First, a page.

Henry Hayes Lockwood
Henry Hayes Lockwood, probably the only army general to be buried in the Naval Academy Cemetery, was born in Kent County, Delaware, August 17, 1814, and was graduated from West Point in 1836. He served in the war against the Seminoles for a time, but resigned in 1837 to become a farmer. In 1841 Lockwood was appointed professor of mathematics at Annapolis; then during the Mexican War he served aboard the frigate United States and took part in the capture of Monterey, California. After the war he was again on duty at the Naval Academy, teaching such subjects as natural philosophy, astronomy, field artillery, gunnery, and infantry tactics. He became colonel of the 1st Delaware Infantry on May 25, 1861, and brigadier general of volunteers on August 8, 1861. During the first two years of the Civil War he had command of the eastern shore of Maryland and Virginia and the defenses of the Lower Potomac. In the Gettysburg campaign he was on active field duty, directing the 2nd Brigade of A. S. Williams' division of Slo-cum's XII Army Corps, two of the three regiments of his command having been recruited from the Potomac area. On July 17, 1863, Lockwood's troops were detached from the Army of the Potomac and ordered to re-enforce the garrison on Maryland Heights across the Potomac from Harpers Ferry. Later that year he was placed in charge of the Middle Department, with headquarters at Baltimore, and in 1864 commanded some provisional troops called out to repel Jubal Early's raid on Washington. After Early's retirement into Virginia, Lockwood was assigned to the command of the "Third Separate Brigade" and a geographical area within the Middle Department which embraced the counties of Frederick, Carroll, Harford, the eastern shore of Maryland, and all of Baltimore with the exception of the coastal defenses; he continued this command until his muster out in 1865. He returned to the Naval Academy and served as professor of natural and experimental philosophy until 1870 when he was assigned to the Naval Observatory in Washington where he remained until his retirement in 1876. He then made his residence in Georgetown, D. C, where he died on December 7, 1899, and was buried at Annapolis.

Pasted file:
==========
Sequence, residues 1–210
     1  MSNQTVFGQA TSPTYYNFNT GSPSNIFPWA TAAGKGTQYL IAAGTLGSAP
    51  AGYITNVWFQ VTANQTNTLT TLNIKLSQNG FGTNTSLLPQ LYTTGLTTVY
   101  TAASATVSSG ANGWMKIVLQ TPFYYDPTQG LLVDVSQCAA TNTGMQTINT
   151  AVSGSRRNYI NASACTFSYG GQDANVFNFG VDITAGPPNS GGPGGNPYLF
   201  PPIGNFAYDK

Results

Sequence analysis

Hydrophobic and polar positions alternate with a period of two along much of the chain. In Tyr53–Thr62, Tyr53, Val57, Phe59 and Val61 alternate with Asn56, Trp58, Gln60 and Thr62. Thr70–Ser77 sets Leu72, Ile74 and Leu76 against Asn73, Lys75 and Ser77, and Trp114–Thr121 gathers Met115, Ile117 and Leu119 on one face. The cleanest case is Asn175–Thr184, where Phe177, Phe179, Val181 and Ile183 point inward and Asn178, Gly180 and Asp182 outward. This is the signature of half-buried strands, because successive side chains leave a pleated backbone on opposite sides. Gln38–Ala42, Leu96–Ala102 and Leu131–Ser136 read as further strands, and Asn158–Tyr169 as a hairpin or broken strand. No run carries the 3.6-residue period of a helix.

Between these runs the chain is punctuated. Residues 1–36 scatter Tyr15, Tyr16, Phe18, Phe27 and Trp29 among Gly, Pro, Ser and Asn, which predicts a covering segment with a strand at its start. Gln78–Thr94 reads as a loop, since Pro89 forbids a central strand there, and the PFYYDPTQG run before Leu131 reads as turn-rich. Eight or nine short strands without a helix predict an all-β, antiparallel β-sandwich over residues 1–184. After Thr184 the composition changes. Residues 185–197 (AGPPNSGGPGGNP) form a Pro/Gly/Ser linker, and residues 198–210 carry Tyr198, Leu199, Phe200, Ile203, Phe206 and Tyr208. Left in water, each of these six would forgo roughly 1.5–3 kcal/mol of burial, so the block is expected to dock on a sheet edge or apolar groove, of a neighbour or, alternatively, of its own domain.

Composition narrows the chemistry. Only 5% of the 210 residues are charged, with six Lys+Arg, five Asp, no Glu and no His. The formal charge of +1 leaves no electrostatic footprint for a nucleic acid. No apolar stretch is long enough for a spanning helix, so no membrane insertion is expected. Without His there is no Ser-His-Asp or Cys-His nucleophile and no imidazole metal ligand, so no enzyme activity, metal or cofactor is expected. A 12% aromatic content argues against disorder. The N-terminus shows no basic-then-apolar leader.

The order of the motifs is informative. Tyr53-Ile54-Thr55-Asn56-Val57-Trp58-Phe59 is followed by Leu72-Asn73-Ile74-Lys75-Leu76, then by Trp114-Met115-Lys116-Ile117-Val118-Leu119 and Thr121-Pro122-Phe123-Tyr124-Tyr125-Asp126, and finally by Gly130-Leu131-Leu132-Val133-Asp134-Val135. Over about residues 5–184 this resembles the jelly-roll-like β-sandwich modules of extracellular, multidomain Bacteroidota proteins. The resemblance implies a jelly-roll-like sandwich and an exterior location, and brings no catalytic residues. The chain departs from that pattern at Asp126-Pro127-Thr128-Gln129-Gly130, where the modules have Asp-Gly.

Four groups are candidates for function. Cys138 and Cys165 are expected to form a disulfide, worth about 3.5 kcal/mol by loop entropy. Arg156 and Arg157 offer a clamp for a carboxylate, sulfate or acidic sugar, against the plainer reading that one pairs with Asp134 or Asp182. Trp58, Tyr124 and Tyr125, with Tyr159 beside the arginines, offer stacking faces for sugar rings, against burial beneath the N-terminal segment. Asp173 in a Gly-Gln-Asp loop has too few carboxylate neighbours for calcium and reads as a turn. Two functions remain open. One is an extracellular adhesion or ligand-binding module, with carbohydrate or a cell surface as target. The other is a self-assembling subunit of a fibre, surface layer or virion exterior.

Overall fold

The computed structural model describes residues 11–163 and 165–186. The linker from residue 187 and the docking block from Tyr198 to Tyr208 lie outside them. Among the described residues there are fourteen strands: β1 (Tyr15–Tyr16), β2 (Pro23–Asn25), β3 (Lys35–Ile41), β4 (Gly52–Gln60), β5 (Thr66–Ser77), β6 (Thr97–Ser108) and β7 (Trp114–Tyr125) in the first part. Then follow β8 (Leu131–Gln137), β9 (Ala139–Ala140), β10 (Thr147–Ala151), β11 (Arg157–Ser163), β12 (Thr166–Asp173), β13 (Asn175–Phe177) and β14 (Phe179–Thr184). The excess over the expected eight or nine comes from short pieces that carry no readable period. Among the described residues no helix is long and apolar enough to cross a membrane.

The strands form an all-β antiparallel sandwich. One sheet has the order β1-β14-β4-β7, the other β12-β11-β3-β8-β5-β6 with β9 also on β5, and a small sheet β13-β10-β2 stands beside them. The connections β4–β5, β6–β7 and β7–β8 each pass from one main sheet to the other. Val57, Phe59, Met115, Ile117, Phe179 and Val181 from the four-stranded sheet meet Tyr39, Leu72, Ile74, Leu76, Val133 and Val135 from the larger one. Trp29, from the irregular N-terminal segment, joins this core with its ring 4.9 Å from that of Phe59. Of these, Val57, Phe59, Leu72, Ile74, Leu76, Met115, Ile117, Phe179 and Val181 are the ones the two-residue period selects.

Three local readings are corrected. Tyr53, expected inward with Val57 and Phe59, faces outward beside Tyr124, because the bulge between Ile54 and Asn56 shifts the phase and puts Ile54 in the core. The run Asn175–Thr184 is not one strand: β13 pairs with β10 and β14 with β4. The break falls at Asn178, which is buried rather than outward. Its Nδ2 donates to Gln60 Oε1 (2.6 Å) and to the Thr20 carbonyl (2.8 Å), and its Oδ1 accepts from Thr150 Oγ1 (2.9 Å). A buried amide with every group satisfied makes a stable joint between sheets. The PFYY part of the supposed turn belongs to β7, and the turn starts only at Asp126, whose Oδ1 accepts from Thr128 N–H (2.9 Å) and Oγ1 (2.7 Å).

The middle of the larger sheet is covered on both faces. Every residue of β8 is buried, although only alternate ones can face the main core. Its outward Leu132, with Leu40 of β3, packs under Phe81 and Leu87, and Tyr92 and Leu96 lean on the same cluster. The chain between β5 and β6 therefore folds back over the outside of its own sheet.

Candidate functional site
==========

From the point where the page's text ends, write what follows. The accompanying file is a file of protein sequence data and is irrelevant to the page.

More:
Reference: Generals in Blue. Lives of the Union Commanders by Ezra J. Warner. Louisiana State University Press. Baton Rouge.